Elmer Gantry (Anglais) Poche – 4 décembre 2007
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Elmer's character can be summed up by once incident. After getting a doubt-ridden professor fired, someone leaves 30 dimes wrapped in a religious tract in Elmer's dorm room. He delightedly mines the tract for sermon ideas, and uses the 30 dimes to buy naughty postcards.
Besides following the rise, fall, and rise of hard working, talented, and utterly unprincipled Elmer, Sinclair Lewis's novel shows us the state of evangelical religion in the first decades of the 20th Century. We see back-country Baptist churches, traveling revival shows, "New Age" cults, and middle-of-the road Methodist congregations at work.
It's funny, and hair-raising, stuff. There's also a nice twist ending that puts it in the category of an Awful Warning novel.
The chief woman character of the book, tent evangelist Sharon Falconer, is also portrayed as a power-hungry opportunist, half hypocrite and half delusional madwoman. That portrayal won Lewis no friends, particularly since most readers were certain that Falconer was a thinly disguised representation of Aimee Semple McPherson, one of the founders of modern millenialism, whose personal improprieties are well documented. Likewise, numerous critics supposed that the character of Gantry himself was at least partly a portrait of evangelist Billy Sunday.
We Minnesotans are proud of our Nobel Prize author, though we show our pride mostly by not reading him. Honestly, this is not an easy book to enjoy. The language is stiff and corny at times, the characters are too cartoon-like, and the first half of the book would be better if it were edited in half. Even so, it has intellectual integrity and profound historical relevance, and its unrelenting portrayal of moral shallowness builds enough momentum to make it a worthwhile classic.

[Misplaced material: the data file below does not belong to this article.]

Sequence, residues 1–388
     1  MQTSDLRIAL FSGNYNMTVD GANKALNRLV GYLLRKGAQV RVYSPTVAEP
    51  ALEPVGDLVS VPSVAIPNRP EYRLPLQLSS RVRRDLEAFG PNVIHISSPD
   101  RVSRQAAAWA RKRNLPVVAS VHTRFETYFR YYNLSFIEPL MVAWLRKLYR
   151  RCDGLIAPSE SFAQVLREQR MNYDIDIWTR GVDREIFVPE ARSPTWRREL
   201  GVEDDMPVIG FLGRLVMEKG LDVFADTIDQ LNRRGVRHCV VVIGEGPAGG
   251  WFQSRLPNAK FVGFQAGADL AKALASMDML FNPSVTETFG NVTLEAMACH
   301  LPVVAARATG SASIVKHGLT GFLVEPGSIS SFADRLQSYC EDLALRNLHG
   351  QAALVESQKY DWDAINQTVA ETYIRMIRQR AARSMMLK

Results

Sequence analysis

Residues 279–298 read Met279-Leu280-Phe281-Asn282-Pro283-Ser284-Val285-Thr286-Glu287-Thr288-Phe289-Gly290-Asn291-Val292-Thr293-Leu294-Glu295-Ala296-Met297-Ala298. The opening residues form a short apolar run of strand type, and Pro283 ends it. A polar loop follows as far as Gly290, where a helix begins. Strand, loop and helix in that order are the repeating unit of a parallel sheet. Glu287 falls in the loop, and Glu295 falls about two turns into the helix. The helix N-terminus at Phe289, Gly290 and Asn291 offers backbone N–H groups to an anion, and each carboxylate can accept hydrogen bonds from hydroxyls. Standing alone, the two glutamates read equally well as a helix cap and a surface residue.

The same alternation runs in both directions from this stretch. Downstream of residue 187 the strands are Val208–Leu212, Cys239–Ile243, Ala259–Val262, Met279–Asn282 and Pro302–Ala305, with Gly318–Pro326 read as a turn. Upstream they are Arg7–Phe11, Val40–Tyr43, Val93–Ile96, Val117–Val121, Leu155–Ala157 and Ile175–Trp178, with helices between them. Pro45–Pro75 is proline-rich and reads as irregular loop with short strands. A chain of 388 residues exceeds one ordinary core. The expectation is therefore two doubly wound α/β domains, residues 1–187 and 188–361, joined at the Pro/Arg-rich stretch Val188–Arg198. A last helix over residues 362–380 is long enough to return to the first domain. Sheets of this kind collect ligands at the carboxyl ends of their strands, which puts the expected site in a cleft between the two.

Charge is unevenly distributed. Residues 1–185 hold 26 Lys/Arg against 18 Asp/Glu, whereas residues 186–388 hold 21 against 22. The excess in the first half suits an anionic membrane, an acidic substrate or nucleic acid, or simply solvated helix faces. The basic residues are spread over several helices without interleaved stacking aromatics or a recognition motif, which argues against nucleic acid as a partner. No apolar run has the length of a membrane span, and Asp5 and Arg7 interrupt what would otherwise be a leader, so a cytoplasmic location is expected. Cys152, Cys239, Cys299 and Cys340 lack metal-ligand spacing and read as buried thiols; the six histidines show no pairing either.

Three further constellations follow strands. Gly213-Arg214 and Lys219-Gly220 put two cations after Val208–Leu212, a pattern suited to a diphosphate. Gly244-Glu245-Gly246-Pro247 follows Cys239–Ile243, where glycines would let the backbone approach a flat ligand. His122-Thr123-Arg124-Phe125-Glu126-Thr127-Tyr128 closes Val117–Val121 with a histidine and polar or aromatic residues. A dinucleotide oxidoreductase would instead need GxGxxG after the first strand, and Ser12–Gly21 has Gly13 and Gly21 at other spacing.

Certain sections of the book read better than others--it is not of uniform quality---and sometimes you wonder why Lewis inserted a chapter here or there. I think particularly of the two chapters on the fate of Frank Shallard, Gantry's alter-ego. They seemed to be an afterthought, and the point was brutally taken, but for what purpose other than shock ? On the other hand, Lewis' use of the colloquial language of the times and inclusion of thousands of minor details of life in that era reveal a whole world which might, in the absence of ELMER GANTRY, have disappeared from our consciousness. On the whole, this is a powerful novel about an unscrupulous, offensive scoundrel which still resonates well in our day. The Gantrys of this world are endless. Unfortunately.
What's so disheartening about this book, for me, is, as noted in the afterword by Mark Schorer, "The forces of social good and enlightenment as presented in "Elmer Gantry" are not strong enough to offer any real resistance to the forces of social evil and banality." This is a book where all the good guys go down.
Maybe you have to have been raised in the South or Midwest of the USA, and to have been brought up Baptist or Methodist, to really, truly get all the layers of this magnificent book, all the hidden humor, all the razor-sharp and, at times, incredibly subtle, criticism and commentary. If you've never been to a church supper where a person proudly claims to have traced their lineage all the way back to Adam and Eve, if you have never had your school board or local city council hear arguments about why certain books should be banned from school or local libraries, if a significant number of your family wouldn't boycott your wedding if you chose to serve alcohol, if you have never heard Catholics called "Papists" from a pulpit, if school friends haven't told you, in all sincerity, that they are going to pray for you because of your questions and intellect, if you haven't heard "Christians" rationalize about their actions that are in direct contrast to what the Bible says, if you haven't noticed the onslaught of efforts to get science out of our schools, I'm not sure you can really, truly "get" this book. Part of me is ashamed to have only finally read Sinclair Lewis when I'm already 40 -- and part of me wonders if I could ever have understood this book on the level I feel that I do had I not been this age.
Still a landmark in American literature, still a biting, chilling commentary on our country.